Glycine is the smallest of amino acid molecules, yet extremely important in liver detoxification pathways, and the production of glutathione, DNA, and hemoglobin.
- Aids in joint and cartilage repair and protection*
- Helps support healthy neurological function*
- Provides an important component for healthy REM and delta sleep patterns*
- Promotes healthy circadian rhythm
Glycine has a sweet taste and can be used to sweeten drinks or powdered supplements without altering blood glucose levels.
Each ¼ teaspoon contains:
What is Glycine?
Glycine is an amino acid found in proteins, most abundantly in collagen, and has many biochemical functions. Glycine plays a major role in liver detoxification, cell repair, and regeneration. It aids in collagen, cartilage, and antioxidant production, supports muscle repair, joint comfort, and nerve health, and promotes deep, restful sleep.
Glycine is available in capsules (for those not using the supplement as a sweetener), powder sticks (for a sweetener on-the-go), or as a powder with a scoop, for flexibility in dosing and personal preference.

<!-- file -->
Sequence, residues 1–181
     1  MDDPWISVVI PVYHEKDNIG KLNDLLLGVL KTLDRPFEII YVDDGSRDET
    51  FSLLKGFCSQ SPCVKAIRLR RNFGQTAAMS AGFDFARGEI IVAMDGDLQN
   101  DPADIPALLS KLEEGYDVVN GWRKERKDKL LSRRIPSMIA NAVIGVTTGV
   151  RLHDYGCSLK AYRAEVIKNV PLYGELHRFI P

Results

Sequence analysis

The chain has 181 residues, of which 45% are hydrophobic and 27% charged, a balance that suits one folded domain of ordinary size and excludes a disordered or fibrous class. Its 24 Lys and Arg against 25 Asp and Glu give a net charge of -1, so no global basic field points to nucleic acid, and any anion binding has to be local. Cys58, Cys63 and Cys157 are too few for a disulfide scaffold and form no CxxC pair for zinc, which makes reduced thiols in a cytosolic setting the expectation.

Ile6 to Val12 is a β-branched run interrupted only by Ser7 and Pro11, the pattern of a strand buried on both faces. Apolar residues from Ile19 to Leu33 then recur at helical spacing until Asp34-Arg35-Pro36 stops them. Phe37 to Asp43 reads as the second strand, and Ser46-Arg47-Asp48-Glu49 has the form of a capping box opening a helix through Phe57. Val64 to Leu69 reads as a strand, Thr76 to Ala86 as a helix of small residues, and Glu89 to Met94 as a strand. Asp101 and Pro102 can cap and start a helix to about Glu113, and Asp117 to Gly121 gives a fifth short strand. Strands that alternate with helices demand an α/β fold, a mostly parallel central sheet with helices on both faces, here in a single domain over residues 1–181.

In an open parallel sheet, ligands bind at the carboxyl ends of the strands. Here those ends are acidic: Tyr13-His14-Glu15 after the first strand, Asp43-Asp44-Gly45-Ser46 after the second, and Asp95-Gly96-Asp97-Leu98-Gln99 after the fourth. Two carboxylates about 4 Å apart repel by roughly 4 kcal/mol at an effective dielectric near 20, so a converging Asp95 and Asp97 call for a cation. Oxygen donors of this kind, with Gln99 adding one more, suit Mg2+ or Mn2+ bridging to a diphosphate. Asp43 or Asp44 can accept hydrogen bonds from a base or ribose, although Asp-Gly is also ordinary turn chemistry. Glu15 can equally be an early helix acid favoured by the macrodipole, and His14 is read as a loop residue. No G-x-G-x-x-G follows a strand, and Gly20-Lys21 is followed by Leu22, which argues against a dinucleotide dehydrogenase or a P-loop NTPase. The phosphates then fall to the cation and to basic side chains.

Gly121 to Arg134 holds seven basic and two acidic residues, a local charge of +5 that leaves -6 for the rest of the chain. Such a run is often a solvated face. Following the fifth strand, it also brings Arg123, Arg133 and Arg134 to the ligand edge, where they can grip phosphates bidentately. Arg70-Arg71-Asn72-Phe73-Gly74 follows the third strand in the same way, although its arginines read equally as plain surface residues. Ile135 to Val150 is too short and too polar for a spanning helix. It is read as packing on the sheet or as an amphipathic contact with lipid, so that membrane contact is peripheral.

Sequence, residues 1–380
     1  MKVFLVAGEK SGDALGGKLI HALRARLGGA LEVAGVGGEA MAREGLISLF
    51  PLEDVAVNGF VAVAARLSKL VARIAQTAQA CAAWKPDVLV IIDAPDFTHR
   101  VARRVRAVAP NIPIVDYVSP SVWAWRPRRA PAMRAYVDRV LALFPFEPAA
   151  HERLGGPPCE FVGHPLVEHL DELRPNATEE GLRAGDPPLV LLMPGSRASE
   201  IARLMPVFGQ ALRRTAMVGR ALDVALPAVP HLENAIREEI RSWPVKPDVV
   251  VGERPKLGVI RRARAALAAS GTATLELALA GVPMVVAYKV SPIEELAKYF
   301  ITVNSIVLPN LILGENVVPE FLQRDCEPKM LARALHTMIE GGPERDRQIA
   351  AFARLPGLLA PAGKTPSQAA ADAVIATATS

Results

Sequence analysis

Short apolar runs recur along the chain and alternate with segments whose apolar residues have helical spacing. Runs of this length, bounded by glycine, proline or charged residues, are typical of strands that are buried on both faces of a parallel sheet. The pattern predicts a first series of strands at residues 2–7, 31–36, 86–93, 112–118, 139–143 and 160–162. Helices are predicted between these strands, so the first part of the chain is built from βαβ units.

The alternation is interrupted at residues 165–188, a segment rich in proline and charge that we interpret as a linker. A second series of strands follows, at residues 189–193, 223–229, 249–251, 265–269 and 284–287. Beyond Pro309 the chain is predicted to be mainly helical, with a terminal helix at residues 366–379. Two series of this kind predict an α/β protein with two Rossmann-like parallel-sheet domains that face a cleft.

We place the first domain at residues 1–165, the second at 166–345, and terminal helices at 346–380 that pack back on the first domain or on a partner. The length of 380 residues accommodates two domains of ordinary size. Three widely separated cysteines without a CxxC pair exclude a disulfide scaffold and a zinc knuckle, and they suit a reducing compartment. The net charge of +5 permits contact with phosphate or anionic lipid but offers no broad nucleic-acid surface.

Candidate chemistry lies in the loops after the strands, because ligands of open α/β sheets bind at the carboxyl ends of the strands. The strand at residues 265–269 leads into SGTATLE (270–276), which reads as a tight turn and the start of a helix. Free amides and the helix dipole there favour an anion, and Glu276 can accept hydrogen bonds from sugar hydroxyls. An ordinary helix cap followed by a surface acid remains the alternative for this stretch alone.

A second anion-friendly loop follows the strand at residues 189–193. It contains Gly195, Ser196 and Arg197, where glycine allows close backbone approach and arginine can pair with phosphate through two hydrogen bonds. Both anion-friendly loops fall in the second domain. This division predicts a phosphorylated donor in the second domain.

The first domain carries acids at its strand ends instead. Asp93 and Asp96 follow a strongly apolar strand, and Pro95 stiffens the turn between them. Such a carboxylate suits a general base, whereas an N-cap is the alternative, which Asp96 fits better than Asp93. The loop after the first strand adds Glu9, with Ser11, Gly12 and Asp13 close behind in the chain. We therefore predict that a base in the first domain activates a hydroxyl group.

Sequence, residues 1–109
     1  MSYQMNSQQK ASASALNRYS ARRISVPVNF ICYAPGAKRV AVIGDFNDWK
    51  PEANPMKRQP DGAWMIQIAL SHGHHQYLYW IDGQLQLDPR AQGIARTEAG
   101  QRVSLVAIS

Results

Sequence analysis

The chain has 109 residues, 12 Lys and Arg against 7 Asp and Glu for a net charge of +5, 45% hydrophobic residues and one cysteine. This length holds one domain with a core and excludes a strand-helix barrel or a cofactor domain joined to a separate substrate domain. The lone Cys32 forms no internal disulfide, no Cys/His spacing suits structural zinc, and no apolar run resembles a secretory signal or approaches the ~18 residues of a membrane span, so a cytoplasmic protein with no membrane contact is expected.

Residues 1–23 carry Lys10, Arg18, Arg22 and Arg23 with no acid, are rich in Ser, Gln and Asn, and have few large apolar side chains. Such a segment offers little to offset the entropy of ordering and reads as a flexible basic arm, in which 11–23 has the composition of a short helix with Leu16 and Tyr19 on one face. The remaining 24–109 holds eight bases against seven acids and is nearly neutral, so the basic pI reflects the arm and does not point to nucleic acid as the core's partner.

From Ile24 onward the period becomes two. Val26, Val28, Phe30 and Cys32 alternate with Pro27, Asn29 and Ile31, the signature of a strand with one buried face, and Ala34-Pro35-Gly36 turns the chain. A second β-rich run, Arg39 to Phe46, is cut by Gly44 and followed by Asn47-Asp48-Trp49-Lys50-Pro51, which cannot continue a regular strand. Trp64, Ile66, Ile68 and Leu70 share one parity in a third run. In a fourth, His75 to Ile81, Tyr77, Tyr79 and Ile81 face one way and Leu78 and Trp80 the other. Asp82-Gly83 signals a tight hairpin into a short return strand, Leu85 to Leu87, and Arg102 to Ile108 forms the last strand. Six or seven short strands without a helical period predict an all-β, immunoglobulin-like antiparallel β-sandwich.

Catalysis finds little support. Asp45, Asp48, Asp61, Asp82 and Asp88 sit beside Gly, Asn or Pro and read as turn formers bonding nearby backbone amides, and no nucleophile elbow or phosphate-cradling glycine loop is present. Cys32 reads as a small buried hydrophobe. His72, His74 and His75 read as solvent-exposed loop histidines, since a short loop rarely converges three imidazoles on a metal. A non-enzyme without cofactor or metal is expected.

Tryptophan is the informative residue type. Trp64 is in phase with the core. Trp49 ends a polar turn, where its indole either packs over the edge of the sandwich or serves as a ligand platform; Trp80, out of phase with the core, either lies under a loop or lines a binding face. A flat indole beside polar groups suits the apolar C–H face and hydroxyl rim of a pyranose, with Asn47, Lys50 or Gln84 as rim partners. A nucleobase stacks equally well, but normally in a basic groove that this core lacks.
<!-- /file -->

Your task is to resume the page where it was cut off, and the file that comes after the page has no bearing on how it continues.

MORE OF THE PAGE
How does Glycine Work?
Glycine is the rate-limiting factor in glutathione synthesis . Glutathione is both a prominent player in the liver’s detoxification system (binding toxins to bile for excretion) and functions as the body’s “master antioxidant”. This means glutathione circulates throughout the body, quenching free radicals and repairing cellular oxidative damage. In addition to its role as a glutathione precursor, glycine is a substrate in the synthesis of heme (the non-protein portion of hemoglobin), purines, creatine, sarcosine, and bile salts .
Glycine is also a structural amino acid. It makes up about 1/3 of the amino acids in elastin and collagen (the most abundant protein in the human body) and is a major component of connective tissue and the extracellular matrix . As we get older, collagen production naturally declines, but supplementing with glycine makes more substrate available to combat the natural loss of collagen.
Glycine is a prominent structural component of healthy cartilage and connective tissue but also has powerful anti-inflammatory effects, making it an excellent supplement for joint health . It may also contribute to higher bone mineral density .
Glycine contributes to the inhibition of muscular deterioration while boosting muscle recovery . Recovery and re-building of new, stronger muscle happen in part due to the biosynthesis of creatine, for which glycine is an important component .
Glycine is also a neurotransmitter with both inhibitory and excitatory functions within the CNS . In the brainstem and spinal cord, glycine acts as a calming neurotransmitter, similar to GABA. It participates in the processing of motor and sensory information related to movement, vision, and auditory transmission . In the forebrain, glycine modulates excitatory neurotransmissions as well by potentiating the action of glutamate at N-methyl-D-aspartate (NMDA) receptors [2,3].